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Nets' options to improve rebounding conflict with desire to space the floor

The Knicks' Mario Hezonja attempts a shot in

The Knicks' Mario Hezonja attempts a shot in the second half against the Nets' Rondae Hollis-Jefferson at Madison Square Garden on Monday. Credit: Jim McIsaac

Every time the Nets get blown out by the Knicks, it underlines their lack of size and physicality when it comes to rebounding. It happened again in a 115-96 loss to the Knicks on Monday night at Madison Square Garden.

Over the past two seasons, the Nets are 1-5 against the Knicks, and four of those five losses have come by margins of at least 15 points. In Monday’s game, the Nets were outrebounded, 53-32, giving up 16 offensive rebounds that led to 29 Knicks points. The Nets rank next to last in the NBA in opponents’ offensive rebounds.

That’s not a good sign, especially with the Nets (2-5) facing physical Detroit (4-2) and their powerful inside tandem of 6-11 Andre Drummond and 6-10 Blake Griffin on Wednesday night at Barclays Center.

Nets coach Kenny Atkinson acknowledged the obvious trend, saying, “It’s something we’ve got to remedy. It’s not only the strongest guy in the weight room. You can do it with intelligence and an understanding of how to play the game. I’m disappointed. We’ve got to go back to the drawing board and get ready for Detroit.”

Atkinson’s drawing-board options are limited because they conflict with his commitment to spacing the floor on offense to emphasize three-point shooting and create driving lanes. Rondae Hollis-Jefferson, last season’s starting power forward, has been coming back from injury but had 16 points and seven rebounds in 27 minutes off the bench and might be in line to regain his starting job from Jared Dudley even though he lacks a three-point shot. Dudley was scoreless in 18 minutes against the Knicks.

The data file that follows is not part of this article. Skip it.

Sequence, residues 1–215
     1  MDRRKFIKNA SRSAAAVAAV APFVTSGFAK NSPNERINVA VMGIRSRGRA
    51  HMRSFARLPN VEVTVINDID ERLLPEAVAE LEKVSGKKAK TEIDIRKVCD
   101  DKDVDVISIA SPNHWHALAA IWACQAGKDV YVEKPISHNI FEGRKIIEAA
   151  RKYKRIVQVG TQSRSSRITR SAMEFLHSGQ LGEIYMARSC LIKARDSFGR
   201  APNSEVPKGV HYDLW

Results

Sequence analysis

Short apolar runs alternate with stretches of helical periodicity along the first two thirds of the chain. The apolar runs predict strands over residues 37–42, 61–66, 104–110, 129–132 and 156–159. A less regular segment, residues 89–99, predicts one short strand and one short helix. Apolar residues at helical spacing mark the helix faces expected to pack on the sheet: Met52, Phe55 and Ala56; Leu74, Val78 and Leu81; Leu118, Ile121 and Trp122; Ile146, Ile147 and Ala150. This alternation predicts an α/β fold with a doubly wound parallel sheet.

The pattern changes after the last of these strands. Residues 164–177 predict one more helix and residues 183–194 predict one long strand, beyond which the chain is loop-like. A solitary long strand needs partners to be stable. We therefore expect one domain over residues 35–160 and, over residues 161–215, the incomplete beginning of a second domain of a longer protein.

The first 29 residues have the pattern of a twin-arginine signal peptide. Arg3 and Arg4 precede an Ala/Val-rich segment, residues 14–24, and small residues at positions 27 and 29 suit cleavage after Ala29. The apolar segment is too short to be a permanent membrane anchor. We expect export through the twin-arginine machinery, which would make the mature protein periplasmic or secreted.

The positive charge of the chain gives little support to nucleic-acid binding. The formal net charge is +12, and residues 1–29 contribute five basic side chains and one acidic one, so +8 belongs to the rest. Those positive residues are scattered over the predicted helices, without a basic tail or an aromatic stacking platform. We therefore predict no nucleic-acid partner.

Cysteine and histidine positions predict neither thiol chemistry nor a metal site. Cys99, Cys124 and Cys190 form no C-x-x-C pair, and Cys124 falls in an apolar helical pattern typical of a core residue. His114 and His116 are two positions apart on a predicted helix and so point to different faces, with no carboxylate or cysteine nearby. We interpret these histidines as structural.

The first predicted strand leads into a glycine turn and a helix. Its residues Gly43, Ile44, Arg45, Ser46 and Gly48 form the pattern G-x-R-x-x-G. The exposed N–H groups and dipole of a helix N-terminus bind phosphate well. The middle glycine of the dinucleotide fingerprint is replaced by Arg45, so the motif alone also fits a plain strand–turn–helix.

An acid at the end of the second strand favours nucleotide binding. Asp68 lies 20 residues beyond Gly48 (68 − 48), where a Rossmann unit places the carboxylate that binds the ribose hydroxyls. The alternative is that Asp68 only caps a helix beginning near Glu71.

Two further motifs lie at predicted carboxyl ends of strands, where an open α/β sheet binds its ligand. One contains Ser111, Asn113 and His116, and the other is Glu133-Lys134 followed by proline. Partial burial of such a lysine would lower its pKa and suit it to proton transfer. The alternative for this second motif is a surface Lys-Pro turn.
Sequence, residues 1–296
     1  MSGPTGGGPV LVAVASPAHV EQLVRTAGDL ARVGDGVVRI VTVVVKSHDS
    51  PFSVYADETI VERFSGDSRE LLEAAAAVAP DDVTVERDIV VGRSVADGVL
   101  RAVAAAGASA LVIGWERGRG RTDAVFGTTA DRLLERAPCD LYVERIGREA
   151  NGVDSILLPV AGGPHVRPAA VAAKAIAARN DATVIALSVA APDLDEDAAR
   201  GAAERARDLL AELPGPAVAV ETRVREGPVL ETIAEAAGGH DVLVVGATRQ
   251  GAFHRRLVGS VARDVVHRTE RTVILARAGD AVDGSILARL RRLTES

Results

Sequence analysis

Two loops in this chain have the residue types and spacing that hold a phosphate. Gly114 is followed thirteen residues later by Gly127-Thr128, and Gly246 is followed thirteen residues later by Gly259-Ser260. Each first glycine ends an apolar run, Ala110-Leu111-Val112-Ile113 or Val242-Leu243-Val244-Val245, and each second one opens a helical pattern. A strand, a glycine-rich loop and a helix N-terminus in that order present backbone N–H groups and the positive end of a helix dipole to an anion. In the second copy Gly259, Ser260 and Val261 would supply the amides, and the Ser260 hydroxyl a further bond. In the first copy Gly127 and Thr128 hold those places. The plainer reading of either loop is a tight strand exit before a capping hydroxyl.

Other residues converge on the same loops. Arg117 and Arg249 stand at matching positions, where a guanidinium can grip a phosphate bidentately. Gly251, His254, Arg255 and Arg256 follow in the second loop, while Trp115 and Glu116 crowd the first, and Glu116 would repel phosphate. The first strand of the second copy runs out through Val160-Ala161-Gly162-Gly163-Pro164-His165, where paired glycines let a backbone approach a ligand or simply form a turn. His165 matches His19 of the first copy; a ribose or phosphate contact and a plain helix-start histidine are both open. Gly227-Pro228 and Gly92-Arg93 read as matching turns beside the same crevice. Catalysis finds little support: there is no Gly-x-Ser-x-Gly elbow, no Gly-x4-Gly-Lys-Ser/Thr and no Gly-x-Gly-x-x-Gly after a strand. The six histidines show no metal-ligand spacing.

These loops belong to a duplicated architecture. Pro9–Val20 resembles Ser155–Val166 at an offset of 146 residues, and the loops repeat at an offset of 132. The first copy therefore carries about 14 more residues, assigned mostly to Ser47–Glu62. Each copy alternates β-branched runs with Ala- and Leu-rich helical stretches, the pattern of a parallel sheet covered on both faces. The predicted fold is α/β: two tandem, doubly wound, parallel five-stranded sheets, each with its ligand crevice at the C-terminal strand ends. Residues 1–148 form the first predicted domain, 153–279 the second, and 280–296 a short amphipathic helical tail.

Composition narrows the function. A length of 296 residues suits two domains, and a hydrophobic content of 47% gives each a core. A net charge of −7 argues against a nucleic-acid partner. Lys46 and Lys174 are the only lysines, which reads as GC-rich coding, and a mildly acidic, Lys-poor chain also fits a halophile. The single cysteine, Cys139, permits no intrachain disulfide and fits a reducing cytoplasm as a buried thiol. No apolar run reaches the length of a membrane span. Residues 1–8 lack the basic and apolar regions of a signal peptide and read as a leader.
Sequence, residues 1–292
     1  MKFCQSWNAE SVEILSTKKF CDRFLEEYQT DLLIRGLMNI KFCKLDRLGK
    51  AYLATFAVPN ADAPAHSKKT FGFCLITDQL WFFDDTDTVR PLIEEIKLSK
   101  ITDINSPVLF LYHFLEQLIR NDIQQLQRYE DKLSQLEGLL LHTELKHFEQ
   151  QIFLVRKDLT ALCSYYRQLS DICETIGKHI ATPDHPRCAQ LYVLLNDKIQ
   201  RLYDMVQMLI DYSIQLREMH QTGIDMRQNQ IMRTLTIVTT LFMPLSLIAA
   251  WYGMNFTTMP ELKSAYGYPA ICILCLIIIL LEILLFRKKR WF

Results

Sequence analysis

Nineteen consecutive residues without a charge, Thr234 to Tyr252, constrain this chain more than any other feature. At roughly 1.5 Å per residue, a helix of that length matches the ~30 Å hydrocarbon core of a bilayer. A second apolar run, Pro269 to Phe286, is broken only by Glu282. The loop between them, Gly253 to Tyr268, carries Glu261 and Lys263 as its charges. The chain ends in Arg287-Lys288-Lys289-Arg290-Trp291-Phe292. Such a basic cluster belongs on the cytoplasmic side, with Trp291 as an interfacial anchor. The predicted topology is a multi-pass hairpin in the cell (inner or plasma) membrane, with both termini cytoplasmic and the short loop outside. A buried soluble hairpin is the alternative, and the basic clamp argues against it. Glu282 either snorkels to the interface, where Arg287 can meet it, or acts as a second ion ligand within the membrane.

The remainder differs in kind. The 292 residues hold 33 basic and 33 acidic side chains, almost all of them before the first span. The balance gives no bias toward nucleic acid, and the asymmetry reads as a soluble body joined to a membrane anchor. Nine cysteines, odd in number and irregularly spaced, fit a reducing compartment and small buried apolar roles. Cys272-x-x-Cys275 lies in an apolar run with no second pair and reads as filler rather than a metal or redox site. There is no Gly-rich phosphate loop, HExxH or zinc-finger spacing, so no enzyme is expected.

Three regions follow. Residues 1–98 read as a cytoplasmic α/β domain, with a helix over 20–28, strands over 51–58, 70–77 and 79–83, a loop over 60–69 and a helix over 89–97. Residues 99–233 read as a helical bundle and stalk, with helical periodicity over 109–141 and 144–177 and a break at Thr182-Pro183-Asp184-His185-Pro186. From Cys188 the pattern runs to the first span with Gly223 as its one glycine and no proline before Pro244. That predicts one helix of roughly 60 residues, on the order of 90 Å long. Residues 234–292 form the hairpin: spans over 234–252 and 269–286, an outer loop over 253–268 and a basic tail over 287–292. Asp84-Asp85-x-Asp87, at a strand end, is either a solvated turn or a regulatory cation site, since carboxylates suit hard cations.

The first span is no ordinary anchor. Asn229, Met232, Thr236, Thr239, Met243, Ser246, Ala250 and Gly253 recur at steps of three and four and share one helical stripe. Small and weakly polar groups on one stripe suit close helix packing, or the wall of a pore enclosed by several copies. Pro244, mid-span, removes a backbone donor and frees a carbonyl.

Another adjustment Atkinson could make would be pairing 6-10 backup center Ed Davis with 6-10 starting center Jarrett Allen. Davis got just 12 minutes against the Knicks, producing six points and six rebounds, even though he is second in the league behind Drummond in rebound percentage, second in offensive rebound percentage and sixth in defensive rebound percentage.

“It could be something we’ll look at,” Atkinson said. “With our group, we have to do it by committee. Shaquille O’Neal is not walking through that door to get 25 rebounds.”

Davis said Atkinson hasn’t played him and Allen together in practice yet, but he’s prepared for anything. “That’s what the NBA is about — making adjustments on the fly,” Davis said. “You lose three in a row, you’ve definitely got to switch things up a little bit, not just the coaches, but us as the players. Everybody has got to play better and do more.”

In his nine NBA seasons, Davis has taken two three-pointers and missed both, so he’s never going to become a floor spacer. But he believes pairing with Allen makes sense in certain matchups, such as against the Pistons.

“The NBA is trendy,” Davis said. “Teams try to emulate Golden State, but every team doesn’t have Draymond Green and Kevin Durant. But I feel like good teams play to their strengths. When you’re going against Detroit, they’re going to play Drummond and Blake. I know Blake can shoot it from three, but he’s not necessarily a spacer. It all depends on the team and what they’re going to do.”

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